Genesis 46:4

4 I will go down with thee into Egypt; and I will also surely bring thee up again: and Joseph shall put his hand upon thine eyes.

Genesis 46:4 Meaning and Commentary

Genesis 46:4

I will go down with thee into Egypt
Which was enough to silence all his fears; for if the presence of God went with him to protect and defend hide, to bless and prosper him, and to direct, support, and comfort, he had nothing to fear from any quarter: and I will also surely bring thee up [again]:
Jarchi takes this to be a promise that he should be buried in the land of Canaan, which had its fulfilment, when his corpse was carried out of Egypt to Machpelah, and there interred; but rather this refers to the bringing up of his posterity from thence in due time, for which Jacob might be most solicitous, and so the Targum of Jonathan,

``and I will bring up thy children from thence:''
and Joseph shall put his hand upon thine eyes:
and so close them when he was dead; this, as Aben Ezra says, was a custom of the living to the dead, and it used to be done by the nearest relations and friends, though now with us commonly by strangers, or those that are not akin: this was a custom among the Greeks and Romans, as appears from Homer {o}, Virgil F16, Ovid F17, and other writers F18; and so, among the Jews, Tobias is said to shut the eyes of his wife's father and mother, and to bury them honourably,
``Where he became old with honour, and he buried his father and mother in law honourably, and he inherited their substance, and his father Tobit's.'' (Tobit 14:13)
Of the Vulgate Latin version: Maimonides F19 reckons this of closing the eyes of the dead, among the rites used towards them, and so in the Talmud F20: now by this expression Jacob was assured that Joseph was alive, and that he should live to see him, and that Joseph would outlive him, and do this last office for him; and, as Ben Melech observes, by this he had the good news told him that Joseph should remain behind him, to sustain and support his sons, and his sons' sons, all the years that he should live after him.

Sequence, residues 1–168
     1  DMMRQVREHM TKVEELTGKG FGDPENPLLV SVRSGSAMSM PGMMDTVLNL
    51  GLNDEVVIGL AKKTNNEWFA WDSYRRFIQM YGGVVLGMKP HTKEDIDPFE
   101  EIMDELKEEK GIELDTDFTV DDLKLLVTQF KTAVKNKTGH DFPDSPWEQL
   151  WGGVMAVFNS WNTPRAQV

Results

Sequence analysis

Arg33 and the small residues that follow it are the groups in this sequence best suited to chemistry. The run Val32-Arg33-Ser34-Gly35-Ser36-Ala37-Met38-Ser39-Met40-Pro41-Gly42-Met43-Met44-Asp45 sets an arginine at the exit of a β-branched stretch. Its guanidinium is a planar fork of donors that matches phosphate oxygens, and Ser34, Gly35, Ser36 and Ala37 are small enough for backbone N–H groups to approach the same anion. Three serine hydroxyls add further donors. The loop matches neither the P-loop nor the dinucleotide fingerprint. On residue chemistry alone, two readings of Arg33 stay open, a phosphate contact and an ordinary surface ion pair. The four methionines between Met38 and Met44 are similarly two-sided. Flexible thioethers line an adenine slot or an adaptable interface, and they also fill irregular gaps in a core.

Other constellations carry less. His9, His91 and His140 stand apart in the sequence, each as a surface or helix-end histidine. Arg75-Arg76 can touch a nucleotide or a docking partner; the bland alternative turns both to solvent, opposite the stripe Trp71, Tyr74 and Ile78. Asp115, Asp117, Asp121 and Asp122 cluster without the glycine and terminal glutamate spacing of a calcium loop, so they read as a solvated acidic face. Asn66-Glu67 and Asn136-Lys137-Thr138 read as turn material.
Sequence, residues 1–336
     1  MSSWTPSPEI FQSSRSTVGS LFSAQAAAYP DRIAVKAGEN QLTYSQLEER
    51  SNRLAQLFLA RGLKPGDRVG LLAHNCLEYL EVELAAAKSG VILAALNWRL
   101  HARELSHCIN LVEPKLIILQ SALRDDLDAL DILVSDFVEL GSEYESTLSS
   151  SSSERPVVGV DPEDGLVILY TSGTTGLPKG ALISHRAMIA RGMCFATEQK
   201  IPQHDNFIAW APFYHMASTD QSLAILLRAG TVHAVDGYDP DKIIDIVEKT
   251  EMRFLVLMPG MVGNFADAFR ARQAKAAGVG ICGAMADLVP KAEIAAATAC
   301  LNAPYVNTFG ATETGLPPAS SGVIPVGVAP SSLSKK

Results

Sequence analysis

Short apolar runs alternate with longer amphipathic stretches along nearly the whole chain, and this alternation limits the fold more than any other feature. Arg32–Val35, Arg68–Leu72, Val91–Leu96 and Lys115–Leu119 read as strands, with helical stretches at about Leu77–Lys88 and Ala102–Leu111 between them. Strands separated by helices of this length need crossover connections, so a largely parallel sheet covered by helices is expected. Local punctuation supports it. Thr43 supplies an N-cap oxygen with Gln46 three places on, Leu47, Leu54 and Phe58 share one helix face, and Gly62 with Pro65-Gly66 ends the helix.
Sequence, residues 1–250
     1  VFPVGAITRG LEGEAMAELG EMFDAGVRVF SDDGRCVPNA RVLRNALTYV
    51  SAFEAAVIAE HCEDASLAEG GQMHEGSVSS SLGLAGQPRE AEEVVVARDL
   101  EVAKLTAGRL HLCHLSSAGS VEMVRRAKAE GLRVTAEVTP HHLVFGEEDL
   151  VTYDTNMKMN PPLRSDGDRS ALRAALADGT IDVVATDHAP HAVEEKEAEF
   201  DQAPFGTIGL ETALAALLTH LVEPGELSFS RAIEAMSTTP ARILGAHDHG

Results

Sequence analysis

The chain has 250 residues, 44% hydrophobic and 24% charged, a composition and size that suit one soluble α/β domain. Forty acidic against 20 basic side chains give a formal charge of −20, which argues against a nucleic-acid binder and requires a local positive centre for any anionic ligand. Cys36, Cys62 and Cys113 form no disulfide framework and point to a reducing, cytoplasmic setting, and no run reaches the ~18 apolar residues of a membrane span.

F15 Odyss. 11.
F16 Aeneid. l. 9.
F17 Trist. l. 1. Eleg. 2.
F18 Vid. Kirchman, de Funer. Rom. l. 1. c. 6. & Kipping. Rom. Antiqu. l. 4. c. 6.
F19 Hilchot Ebel, l. 4. sect. 1.
F20 T. Bab. Sabbat, fol. 151. 2.

Genesis 46:4 In-Context

2 And God spake unto Israel in the visions of the night, and said, Jacob, Jacob. And he said, Here am I.
3 And he said, I am God, the God of thy father: fear not to go down into Egypt; for I will there make of thee a great nation:
4 I will go down with thee into Egypt; and I will also surely bring thee up again: and Joseph shall put his hand upon thine eyes.
5 And Jacob rose up from Beersheba: and the sons of Israel carried Jacob their father, and their little ones, and their wives, in the wagons which Pharaoh had sent to carry him.
6 And they took their cattle, and their goods, which they had gotten in the land of Canaan, and came into Egypt, Jacob, and all his seed with him:
The King James Version is in the public domain.